Freedom from Fear and Violence: Methodists against Gender Based Violence – Saying “No” to the powers that be.
Readings: Esther 1: 1-22, Ephesians 5: 21-33, Luke 10: 38-42
When children play together in a group, there is often a child who will move a little bit more forward than the rest when it comes to directing the games and organising the other players. I think that from the point of view of the casual observer, the child who has taken control and is most vocal at giving directions to everyone else looks like the leader but I know that when we used to play together in our neighbourhood; this wasn’t always the case. Sometimes the leader was actually the one who whispered the instructions into the ear of the one whose voice was the loudest. While the one took charge, the other orchestrated the motions from the side. Just because the one who whispered from the side’s voice was soft; it didn’t mean that it carried less value than the one whose voice was loud.
When we read scripture, we hear the voice of the men coming through strongly, but I think that the whisper we hear from the women is just as loud and often even more valuable than the voice of the men. If we pay attention, then the absence of comment is louder than the comments themselves. If we pay attention, we will know that the missing voices will tell us more about a situation than the voice that describes that situation. Stereotypically speaking, if a man is telling a story and gives the colour of the shoes that the other person was wearing, especially when he is unable to connect that fact to the purpose of the story, you can be relatively confident that the story was put together by at least two voices and his voice didn’t understand why the colour of the shoes mattered. In the same way that a sharp gasp will tell you that a statement was unexpected or inappropriate, so the absence of a comment by a woman in a crowd who are wanting to stone her for sinning speaks volumes about how pointless it would be to argue with those who have already made up their minds and who are using her as a means to get to someone else. It also speaks about how a pure and holy law had been turned into an instrument of power over those people who needed its protection the most. In a conversation where women are free to speak their mind to Jesus; it tells us the value Jesus ascribed to woman. In a community where submission is the act of doing everything to ensure that the whole is built up rather than being a doormat, we hear the word of scripture speak of the incredible value of relationship and the way in which each person in that relationship has to be recognised as equals or that relationship will not grow or add value to the whole.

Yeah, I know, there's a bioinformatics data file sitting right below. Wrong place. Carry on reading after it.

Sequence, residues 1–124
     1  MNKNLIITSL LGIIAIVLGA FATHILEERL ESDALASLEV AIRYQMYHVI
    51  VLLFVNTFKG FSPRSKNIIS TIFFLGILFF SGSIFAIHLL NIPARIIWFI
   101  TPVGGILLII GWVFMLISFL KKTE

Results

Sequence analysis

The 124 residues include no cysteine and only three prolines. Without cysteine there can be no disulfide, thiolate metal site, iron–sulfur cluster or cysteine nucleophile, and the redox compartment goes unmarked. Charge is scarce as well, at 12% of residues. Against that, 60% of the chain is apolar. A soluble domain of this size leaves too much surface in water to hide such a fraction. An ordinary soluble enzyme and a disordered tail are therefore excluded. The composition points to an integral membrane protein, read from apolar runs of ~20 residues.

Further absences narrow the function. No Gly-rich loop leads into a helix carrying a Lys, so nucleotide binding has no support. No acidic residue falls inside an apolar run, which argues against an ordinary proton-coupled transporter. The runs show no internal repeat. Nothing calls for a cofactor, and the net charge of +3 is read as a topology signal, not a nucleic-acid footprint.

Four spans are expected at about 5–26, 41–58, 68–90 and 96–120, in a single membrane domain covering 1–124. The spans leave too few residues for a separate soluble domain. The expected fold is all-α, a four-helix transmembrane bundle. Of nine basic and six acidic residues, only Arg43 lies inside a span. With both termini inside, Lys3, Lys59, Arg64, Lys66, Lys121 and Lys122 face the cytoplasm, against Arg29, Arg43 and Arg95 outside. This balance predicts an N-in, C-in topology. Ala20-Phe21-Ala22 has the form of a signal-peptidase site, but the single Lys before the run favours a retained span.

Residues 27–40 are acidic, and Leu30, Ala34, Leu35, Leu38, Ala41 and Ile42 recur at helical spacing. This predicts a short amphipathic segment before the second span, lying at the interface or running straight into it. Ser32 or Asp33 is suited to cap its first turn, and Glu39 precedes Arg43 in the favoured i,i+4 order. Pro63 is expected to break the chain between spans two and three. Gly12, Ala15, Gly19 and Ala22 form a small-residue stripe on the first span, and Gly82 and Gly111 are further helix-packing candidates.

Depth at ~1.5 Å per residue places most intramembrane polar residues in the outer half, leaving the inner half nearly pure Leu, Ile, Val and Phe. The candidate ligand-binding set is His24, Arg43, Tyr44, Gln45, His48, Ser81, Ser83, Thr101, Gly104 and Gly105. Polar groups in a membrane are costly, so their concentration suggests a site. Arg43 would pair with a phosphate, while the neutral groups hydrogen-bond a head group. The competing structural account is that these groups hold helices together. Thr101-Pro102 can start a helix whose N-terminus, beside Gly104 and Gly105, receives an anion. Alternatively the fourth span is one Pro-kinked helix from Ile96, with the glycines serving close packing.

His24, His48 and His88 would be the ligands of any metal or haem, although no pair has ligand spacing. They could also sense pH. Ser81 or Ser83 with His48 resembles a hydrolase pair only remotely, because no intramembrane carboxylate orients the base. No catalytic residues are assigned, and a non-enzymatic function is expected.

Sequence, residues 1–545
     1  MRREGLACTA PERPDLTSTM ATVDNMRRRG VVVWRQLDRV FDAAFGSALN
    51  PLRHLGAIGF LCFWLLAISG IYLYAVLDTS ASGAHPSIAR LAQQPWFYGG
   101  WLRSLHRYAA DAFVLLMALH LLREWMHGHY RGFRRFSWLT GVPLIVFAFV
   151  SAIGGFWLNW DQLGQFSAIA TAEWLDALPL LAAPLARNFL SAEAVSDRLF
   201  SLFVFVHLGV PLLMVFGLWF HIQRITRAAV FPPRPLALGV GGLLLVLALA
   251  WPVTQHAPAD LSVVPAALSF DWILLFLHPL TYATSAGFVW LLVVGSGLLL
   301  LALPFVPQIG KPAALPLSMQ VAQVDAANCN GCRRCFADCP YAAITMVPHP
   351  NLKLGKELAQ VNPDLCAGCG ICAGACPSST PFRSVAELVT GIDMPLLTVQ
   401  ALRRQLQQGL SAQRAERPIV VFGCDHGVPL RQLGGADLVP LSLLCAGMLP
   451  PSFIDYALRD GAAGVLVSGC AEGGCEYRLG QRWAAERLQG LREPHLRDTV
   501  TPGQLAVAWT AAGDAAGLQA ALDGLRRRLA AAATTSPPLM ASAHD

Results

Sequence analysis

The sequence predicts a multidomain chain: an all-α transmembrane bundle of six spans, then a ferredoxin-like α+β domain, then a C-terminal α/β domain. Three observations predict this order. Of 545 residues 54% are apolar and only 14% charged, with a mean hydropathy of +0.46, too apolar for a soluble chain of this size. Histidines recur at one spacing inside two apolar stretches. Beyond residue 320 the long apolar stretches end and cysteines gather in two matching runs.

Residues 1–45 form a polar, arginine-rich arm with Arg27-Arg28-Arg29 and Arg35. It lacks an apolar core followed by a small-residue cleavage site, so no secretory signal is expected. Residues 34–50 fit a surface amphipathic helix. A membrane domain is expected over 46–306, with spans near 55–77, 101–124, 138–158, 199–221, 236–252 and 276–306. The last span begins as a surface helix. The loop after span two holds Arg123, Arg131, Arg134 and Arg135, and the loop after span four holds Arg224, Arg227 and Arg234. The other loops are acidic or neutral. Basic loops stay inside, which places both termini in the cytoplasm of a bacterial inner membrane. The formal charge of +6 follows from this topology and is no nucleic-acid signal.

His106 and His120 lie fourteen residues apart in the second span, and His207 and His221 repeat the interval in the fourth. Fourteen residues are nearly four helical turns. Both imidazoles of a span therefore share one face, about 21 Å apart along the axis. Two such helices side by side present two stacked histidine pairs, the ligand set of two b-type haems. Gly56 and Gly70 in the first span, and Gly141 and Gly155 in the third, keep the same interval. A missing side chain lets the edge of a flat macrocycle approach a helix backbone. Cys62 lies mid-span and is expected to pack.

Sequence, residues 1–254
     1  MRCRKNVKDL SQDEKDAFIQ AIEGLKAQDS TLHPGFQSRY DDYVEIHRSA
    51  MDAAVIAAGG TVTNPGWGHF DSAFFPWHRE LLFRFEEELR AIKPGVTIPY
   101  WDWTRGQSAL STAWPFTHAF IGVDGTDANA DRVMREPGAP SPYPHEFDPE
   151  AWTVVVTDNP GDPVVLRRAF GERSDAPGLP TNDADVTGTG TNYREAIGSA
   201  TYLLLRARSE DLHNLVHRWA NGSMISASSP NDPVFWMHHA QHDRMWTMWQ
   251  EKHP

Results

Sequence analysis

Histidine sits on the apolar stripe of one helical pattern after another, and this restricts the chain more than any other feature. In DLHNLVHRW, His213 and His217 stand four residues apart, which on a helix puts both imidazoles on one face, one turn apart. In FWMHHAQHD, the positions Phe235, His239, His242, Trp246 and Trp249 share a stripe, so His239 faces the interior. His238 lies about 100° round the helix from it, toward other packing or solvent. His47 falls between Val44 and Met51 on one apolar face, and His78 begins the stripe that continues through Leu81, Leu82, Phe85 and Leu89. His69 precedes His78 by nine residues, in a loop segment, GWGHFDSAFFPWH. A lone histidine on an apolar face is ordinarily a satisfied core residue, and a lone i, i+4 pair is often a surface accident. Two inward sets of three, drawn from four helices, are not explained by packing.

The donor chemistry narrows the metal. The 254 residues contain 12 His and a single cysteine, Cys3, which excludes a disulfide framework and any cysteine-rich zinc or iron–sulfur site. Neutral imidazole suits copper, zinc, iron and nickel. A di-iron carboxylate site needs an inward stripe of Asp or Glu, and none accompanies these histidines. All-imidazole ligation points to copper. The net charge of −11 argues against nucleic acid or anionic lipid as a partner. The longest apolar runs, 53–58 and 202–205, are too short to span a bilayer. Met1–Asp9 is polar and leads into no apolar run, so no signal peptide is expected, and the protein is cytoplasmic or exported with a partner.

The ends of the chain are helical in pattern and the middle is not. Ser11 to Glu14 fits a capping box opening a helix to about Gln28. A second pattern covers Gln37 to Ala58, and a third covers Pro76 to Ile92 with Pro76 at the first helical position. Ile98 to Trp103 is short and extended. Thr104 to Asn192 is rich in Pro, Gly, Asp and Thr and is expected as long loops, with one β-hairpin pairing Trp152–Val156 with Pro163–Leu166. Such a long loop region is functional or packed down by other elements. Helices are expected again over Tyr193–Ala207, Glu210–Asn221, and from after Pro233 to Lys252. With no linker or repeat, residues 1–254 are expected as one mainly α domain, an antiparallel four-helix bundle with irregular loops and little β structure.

I think that it is ungodly to value the voice of one person over another simply based on a chance roll of the DNA dice. I cannot find anywhere in scripture where God made a statement that Eve’s voice should not be as highly regarded as Adam’s. I cannot find anywhere in Scripture where the Kingdom of God excluded anyone from anything based on gender. When children play, the only objections they have to the children they play with are the objections that the adults give them in the whispers and careless and bigoted conversations. The God we find in Scripture is a God who tells us that those children we don’t like playing with are His favourites, in exactly the same way that we are His favourites.